Does the value of internal links differ based on page location?
Google’s John Mueller gave his thoughts on internal linking and whether it makes any difference whether internal links are in the header, footer, or content. His answer was short and direct without any ambiguity.
Does the value of internal links vary by page location?
Internal links are a reference to links within a website from one page to another page.
The person asking the question wanted to know if the location of a link within a web page makes a difference in the “value” of the link, which presumably means SEO effectiveness.
Whether a link is more valuable based on its location on a webpage is a legitimate question.
Martin Splitt from Google clarified that Google divides a web page into sections and the main section where important content is located is called the centerpiece annotation.
This is documented in the article, How Google Analyzes and Weights Web Page Content.
In the article, Martin explains that the main content section is what Google uses to understand what the page is about.
Additionally, Martin said the different sections are “weighted” differently.
“And then there’s this other thing here, which looks like links to related products, but isn’t really part of the centerpiece. It’s not really the main content here. It seems like additional stuff .
And then there’s like a bunch of boilerplate or, “Hey, we figured out that the menu is pretty much the same on all these pages and lists. It kinda looks like this menu that we have on all other pages in this domain,” for example, or we’ve seen this before. We don’t even actually go by domain or like, “Oh, that looks like a menu.”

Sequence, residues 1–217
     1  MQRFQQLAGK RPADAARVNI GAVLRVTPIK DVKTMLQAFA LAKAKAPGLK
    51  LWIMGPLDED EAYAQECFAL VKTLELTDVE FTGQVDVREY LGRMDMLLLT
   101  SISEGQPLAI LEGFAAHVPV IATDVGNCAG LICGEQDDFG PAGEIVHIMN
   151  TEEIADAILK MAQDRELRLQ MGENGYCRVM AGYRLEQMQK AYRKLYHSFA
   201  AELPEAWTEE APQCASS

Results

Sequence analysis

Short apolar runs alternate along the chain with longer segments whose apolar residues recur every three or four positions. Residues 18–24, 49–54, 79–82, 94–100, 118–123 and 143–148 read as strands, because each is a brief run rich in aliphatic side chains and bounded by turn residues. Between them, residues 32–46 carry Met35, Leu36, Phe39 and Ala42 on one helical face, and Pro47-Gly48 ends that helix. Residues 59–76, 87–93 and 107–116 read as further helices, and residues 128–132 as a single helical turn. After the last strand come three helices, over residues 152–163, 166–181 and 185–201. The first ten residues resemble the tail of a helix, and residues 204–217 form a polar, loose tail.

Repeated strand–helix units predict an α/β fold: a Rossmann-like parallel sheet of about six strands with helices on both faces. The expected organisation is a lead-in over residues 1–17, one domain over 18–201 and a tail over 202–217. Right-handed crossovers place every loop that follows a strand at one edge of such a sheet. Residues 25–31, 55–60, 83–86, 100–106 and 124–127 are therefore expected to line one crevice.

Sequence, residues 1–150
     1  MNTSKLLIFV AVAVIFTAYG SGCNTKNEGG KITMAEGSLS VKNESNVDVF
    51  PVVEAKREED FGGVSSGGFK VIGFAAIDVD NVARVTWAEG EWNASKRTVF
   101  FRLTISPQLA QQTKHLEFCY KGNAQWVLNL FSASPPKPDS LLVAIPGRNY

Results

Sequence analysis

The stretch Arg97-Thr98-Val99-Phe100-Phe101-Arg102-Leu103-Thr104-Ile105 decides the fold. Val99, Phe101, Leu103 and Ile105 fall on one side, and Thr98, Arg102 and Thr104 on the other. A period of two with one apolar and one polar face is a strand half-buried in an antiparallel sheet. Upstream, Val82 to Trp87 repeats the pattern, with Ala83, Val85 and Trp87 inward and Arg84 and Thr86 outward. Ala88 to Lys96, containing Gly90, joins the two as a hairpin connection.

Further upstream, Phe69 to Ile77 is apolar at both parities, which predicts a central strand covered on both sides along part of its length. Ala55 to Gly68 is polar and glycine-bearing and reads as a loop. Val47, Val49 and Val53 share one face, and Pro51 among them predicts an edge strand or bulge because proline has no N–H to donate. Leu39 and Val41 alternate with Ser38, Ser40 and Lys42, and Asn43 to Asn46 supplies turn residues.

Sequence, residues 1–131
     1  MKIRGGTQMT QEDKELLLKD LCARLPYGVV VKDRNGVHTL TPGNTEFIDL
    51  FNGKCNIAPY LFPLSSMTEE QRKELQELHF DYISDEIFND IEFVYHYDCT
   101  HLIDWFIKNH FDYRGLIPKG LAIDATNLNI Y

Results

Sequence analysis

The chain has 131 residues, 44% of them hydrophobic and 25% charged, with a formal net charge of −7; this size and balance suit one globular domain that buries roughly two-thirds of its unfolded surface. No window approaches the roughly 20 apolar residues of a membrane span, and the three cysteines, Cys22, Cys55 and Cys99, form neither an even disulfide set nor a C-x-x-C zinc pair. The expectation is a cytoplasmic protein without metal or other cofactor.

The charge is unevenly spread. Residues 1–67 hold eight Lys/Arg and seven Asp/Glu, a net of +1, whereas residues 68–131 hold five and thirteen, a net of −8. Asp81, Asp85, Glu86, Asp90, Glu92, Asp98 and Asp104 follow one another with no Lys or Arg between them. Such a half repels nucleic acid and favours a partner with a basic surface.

We determine what looks like a boilerplate, and then that’s also weighted differently.
There are old patents from Google and old statements from Googlers confirming that the location of content on a page can make a difference.
So the person asking the question has a very good reason to ask that specific question of John Mueller.
Google’s John Mueller discusses internal linking
Value of a link
The question is about the “value” of a link.
But what does “value” even mean?
Does value mean informational effectiveness or SEO value as a ranking factor?
- Google sometimes uses information to understand what the content is about.
For example, structured data communicates specific information about the content of web pages. Google can’t classify what it doesn’t understand, so clarity is important. Structured data is not a ranking factor, but it can still help Google understand the webpage better and promote the content to a prominent place in search results.
- Google uses certain information as a ranking factor.
The anchor text of a link is said to be a ranking factor. It both communicates the meaning of a web page and also serves as a ranking factor.
The difference between a bit of information that tells what a page is about and a bit of information that is a ranking factor can get pretty blurry.
So when the person asks what the value of a link is and John Mueller answers the question, what remains unclear is the meaning of the word “value” in the context of the question.
The value of internal links
The question posed to John Mueller is simple:
“Today I’m going to ask if the value of internal links is similar.
For example, is there a difference… in the value of internal links in the header, the footer or in the content? »
Jean Mueller replied:
“It’s quite similar.
I don’t think there is anything quantifiable different in internal linking in different parts of the page.
I think it’s different when it comes to content in different parts of the page, where we’re trying to figure out what’s unique to a page.
But as for the links, I don’t think that’s anything.
The location of the link is not quantifiably different
Word “quantifiablemeans something that can be measured. So when Mueller says there is nothing quantifiable different, it means there is no measurable difference.
So all in all, when everything is considered, the location of the internal link is essentially irrelevant.
SEO value of internal links
Does it matter if the internal links are in the header, footer or in the content?
Watch at 0:49 seconds in the video: